TED2011 took place last week in Long Beach, Calif. I had a front-row seat -- facing my laptop, reading tweets from attendees. Sad, maybe, but also satisfying, thanks to the smart and witty people I follow. One of the speakers I wanted to see was Kathryn Schulz, author of Being Wrong: Adventures in the Margin of Error.
There's been a lot of discussion lately about the connection between creativity and learning (Sir Ken Robinson's viral TED Talk comes to mind, as does No Right Brain Left Behind), and the difficulty (impossibility?) of being creative if you're afraid of being wrong.
Yet afraid we are. In her book, Schulz explains how we long for "control over the world, mastery of our environment," and how "surprise is a violation of our expectations." Being wrong, she says, is "dangerous, humiliating, distasteful, and, all told, un-fun in the extreme."
TED curator Chris Anderson recently told Charlie Rose, "if you start with curiosity, that takes you on an amazing journey...that's almost all you need...to be curious about the world." But Schulz warns our fear of being wrong is so strong it "acts as a kind of omnipurpose coagulant ... cooling our curiosity about the world."
So what are we teaching students (who eventually grow up to become our friends, partners, colleagues, leaders) about being wrong?
One thing we're teaching is there's no time to be wrong -- until you take a test. A typical middle or high school class is scheduled within a minute of its life. We stuff content and activities into 50-minute periods that deserve days or weeks to unpack. Picture bulging bellies and stressed buttons post-Thanksgiving, when we've consumed far more than is reasonably digestible in one sitting. Now picture bulging and stressed minds. There's little time to explore material, ask questions, confirm or correct assumptions. There's little time to learn.
We don't have time to get it right in school, yet we're also teaching we can't afford to get it wrong. Test scores impact everything from our GPA to which classes and teachers we can access to our reputation and self-esteem. Approach your coursework with wonder -- as it relates to what will be on next week's test.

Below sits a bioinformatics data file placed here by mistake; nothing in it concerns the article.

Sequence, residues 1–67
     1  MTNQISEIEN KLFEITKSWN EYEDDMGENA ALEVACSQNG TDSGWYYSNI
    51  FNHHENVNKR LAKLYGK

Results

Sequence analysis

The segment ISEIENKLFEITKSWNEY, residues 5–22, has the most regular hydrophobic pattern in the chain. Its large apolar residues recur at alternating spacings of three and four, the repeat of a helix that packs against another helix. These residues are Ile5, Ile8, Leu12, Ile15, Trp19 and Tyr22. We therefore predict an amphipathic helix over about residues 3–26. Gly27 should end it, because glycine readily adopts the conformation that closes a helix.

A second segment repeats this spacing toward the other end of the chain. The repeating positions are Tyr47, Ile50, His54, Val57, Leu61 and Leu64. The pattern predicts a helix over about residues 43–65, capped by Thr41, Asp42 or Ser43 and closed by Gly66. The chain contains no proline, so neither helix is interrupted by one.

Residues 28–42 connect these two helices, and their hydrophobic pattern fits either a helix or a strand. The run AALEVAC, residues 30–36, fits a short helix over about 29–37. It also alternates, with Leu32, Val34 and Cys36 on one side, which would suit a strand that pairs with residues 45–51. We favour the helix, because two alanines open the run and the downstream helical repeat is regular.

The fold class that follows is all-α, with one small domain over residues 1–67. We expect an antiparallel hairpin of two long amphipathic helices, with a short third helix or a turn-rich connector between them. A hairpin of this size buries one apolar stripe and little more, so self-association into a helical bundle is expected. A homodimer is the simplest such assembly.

We're teaching we can't change our minds -- we thought one thing, but now we think we were wrong. And that's because we don't foster self-esteem, the ability to develop a point of view, and the confidence to maintain or change that point of view. For a meta discussion of this point, see Schulz's Slate blog/interview with education reformer Diane Ravitch, in which Ravitch discusses her radical change of mind, and the recent HuffPostEdu piece by Alexander Russo, in which he attacks Ravitch's "stunning certainty" and labels her an "unreliable narrator."
Schulz says admitting wrongness or ignorance is a high-level cognitive ability; we require "internal flexibility and communal permission to backtrack and revise." Can we get schools to value teaching this skill, and skilled educators who can teach this value?
On 60 Minutes last weekend, Steve Kroft asked author-contrarian Christopher Hitchens, famously atheist and facing Stage IV esophageal cancer, whether his "weakened state" might inspire a belief in God. The response: "I ought never say there's nothing that can change my mind. Shall I just say that no evidence has yet been presented that would change my mind. But I like surprises."
In fact, Schulz spends a great deal of time discussing the "surprise, bafflement, fascination, excitement, hilarity, delight" we experience when we err, learn, and grow. Being wrong, she says, reminds us "the world's bag of tricks is not empty." What a great image -- and something we would all do well to remember.
I'm left with a question I hope HuffPost educators and students can help answer: how can we start teaching being wrong?